Alex Jones is selling body armor on his conspiracy InfoWars website, which was promoted on his internet TV show by host David Knight on Jan. 6 (video below).
Knight tried to blame the shooting at the airport in Fort Lauderdale, Florida, on Jan. 6, as well as killings in Iran and Chicago, on President Barack Obama and gun control laws.
Knight claimed "they" are going to take people's guns away, and shilled the body armor, notes Media Matters:
You need to make sure -- if they’re going to take your gun away, if they’re going to keep you defenseless -- you need to make sure that you can at least shield yourself. That’s why we’re selling tactical nanotechnology body armor that was previously available only to the military, only to law enforcement, is now available exclusively at the InfoWars store.
Popular VideoThis young teenage singer was shocked when Keith Urban invited her on stage at his concert. A few moments later, he made her wildest dreams come true.
At the InfoWars store, Jones is hawking the "Citizen Armor SHTF Tactical XPC Vest" for $1,436, which the site claims allows a person to perform at peak levels while being protected in "dangerous environments."
While InfoWars blamed the shooting on Obama and gun control, The Washington Post notes that the Transportation Security Administration allows passengers to legally carry guns and ammunition in their luggage that has been checked at the gate.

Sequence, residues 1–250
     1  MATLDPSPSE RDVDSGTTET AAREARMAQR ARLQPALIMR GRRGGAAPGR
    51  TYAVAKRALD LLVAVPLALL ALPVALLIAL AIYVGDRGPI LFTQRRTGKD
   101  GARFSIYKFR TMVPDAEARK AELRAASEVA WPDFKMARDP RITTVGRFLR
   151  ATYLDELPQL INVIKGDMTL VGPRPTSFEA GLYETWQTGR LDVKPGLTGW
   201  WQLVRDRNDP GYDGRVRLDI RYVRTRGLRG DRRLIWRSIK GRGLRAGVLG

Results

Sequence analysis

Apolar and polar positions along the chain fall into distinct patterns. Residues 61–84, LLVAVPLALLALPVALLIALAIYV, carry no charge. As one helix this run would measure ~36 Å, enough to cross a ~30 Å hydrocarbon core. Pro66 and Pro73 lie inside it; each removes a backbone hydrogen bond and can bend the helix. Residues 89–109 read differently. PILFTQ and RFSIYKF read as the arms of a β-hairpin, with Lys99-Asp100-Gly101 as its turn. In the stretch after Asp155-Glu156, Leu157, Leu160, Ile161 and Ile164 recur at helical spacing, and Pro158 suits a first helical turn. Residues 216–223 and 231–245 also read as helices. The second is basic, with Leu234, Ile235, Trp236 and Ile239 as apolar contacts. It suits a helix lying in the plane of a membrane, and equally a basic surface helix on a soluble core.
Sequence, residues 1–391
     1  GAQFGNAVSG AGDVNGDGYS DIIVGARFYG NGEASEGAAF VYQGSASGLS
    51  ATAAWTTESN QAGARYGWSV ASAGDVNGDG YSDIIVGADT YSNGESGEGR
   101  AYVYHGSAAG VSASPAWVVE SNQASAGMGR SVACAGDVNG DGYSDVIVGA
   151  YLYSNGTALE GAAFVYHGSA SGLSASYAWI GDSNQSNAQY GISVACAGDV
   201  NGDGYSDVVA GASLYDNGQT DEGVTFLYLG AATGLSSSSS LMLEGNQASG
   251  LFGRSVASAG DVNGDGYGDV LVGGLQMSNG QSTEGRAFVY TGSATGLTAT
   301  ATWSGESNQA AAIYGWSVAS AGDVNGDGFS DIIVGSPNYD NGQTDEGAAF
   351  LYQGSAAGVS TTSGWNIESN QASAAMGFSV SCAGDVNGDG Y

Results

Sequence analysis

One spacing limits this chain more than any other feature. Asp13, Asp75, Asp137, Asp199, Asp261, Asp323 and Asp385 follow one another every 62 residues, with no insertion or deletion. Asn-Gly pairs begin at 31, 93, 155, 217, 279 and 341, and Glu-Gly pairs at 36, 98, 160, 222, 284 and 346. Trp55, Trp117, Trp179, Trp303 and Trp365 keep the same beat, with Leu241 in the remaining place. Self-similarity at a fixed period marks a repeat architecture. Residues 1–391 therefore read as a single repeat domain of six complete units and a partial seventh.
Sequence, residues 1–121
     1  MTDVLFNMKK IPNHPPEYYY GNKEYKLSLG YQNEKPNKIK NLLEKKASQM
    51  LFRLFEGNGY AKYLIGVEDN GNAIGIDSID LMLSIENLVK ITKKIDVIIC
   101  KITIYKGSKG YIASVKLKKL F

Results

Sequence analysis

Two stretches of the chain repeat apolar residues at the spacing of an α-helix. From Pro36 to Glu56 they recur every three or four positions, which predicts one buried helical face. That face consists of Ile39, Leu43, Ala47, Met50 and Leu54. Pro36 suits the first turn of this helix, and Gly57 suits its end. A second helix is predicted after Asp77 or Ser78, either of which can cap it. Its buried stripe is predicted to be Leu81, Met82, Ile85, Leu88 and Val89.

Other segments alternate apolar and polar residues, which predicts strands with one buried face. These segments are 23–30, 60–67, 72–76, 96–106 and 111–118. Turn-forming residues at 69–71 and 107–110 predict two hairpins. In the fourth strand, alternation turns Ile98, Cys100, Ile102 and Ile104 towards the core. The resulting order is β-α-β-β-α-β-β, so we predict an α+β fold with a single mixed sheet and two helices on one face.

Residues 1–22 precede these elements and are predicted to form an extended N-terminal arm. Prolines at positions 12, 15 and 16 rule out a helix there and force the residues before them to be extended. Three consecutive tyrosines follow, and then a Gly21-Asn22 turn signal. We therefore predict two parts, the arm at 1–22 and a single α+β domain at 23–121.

While the TSA allows guns and ammo in checked luggage, the government agency bans lighters that look like guns, safety matches, numerous types of aerosol cans, electronic cigarettes, oxygen used for recreation and liquid bleach.
Florida does not not currently allow people to carry firearms in an airport unless the guns are in a case, but there is a bill pending a vote that would allow open carry in airports.
Popular VideoThis young teenage singer was shocked when Keith Urban invited her on stage at his concert. A few moments later, he made her wildest dreams come true:
The shooting suspect, Esteban Santiago, flew to Florida from Anchorage, Alaska, whose chief of police, Jesse Davis, told the newspaper: "We’re a big hunting state, so we get quite a lot of [people checking guns in luggage], everything appeared normal."